Searching for Gilead
David G. Hallman
Gilead, a mountainous region east of the Jordan River, means "hill of witness." Searching for Gilead is my attempt to give witness to a series of issues with which I am grappling.
I stumbled onto the name Gilead.
The novel is a story of the interrelationship between two families over a period of three and a half decades—a chronicle of love, laughter, and loss.
Below the story line run difficult questions that don't have an easy resolution, for me at least. Some of these questions are personal and existential. Others are global and systemic.
Friends of mine, aware that I had begun working on a novel, asked what it was about. I didn't know how to respond. I started making a list of the problems that I was trying to address in the novel. I played with various words that would describe those issues. I was looking for an acronym, a shorthand way to capture the range of concerns that was coursing through my head and my heart, and then onto the page. What emerged was G-I-L-E-A-D:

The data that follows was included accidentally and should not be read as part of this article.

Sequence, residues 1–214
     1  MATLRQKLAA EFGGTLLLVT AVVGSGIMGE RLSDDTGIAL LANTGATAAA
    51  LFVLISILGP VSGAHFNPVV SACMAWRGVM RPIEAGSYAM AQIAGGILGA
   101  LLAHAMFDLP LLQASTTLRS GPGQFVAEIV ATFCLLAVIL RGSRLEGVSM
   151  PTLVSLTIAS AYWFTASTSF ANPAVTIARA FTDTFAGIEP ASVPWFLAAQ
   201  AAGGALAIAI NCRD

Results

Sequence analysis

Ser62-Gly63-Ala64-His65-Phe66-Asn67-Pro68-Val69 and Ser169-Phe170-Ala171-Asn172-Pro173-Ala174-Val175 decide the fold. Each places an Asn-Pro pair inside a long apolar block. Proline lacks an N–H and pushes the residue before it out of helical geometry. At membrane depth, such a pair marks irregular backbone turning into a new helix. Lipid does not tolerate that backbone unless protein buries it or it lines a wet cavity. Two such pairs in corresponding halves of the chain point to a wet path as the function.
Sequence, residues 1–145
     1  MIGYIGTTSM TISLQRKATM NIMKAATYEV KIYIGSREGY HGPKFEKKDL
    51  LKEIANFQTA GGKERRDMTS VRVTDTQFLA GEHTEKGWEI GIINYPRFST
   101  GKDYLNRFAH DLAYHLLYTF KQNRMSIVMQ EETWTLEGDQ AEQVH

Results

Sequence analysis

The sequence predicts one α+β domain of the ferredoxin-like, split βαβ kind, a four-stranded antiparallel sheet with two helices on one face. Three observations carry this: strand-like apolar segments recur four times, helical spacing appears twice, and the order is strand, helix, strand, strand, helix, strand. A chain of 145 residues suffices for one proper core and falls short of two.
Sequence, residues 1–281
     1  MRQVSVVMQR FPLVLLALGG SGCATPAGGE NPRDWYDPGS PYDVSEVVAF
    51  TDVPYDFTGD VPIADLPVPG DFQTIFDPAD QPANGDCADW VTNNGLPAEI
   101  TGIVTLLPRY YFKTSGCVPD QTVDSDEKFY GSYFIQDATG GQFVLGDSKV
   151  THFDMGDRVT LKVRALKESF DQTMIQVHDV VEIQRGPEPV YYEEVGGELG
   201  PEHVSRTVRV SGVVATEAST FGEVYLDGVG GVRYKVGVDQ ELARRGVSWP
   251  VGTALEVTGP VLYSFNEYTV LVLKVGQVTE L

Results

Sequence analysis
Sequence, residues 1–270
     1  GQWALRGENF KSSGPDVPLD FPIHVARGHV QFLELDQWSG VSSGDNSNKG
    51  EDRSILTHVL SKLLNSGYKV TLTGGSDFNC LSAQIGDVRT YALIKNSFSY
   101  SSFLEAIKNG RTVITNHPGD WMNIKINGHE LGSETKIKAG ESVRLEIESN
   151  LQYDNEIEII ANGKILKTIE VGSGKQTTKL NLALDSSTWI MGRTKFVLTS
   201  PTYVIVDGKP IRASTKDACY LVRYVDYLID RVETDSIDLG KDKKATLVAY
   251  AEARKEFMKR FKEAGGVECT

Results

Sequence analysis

God - issues around spirituality and religion in our lives and in our world.
Injustice - global inequities in power and conflict over resources.
Love — a source of joy and pain for us all.
Environment — threats to the well-being of the Earth and its most vulnerable peoples.
Arts - the role they play as we seek to make sense of our lives and our world.
Death - our own, and that of those we love.
I do not mean to imply that what you hold in your hands is an explicit discussion of these issues. It is not. Searching for Gilead is a story. It's just that I am using the story to think through these issues in my own mind.
I began writing what I would come to call Searching for Gilead within weeks of having finished a memoir, August Farewell. The memoir is, obviously, autobiographical. Searching for Gilead is not. What occurs in the novel, related to the main characters' lives, is a product of my imagination.
Those who know me, and those who have read August Farewell, may see a few parallels between my own personal history and the characters and action in the novel. There will be a temptation to read more into those parallels than is warranted. I caution against it. One of the joys that I am discovering about writing fiction is that I get to make things up. And I have.
David G. Hallman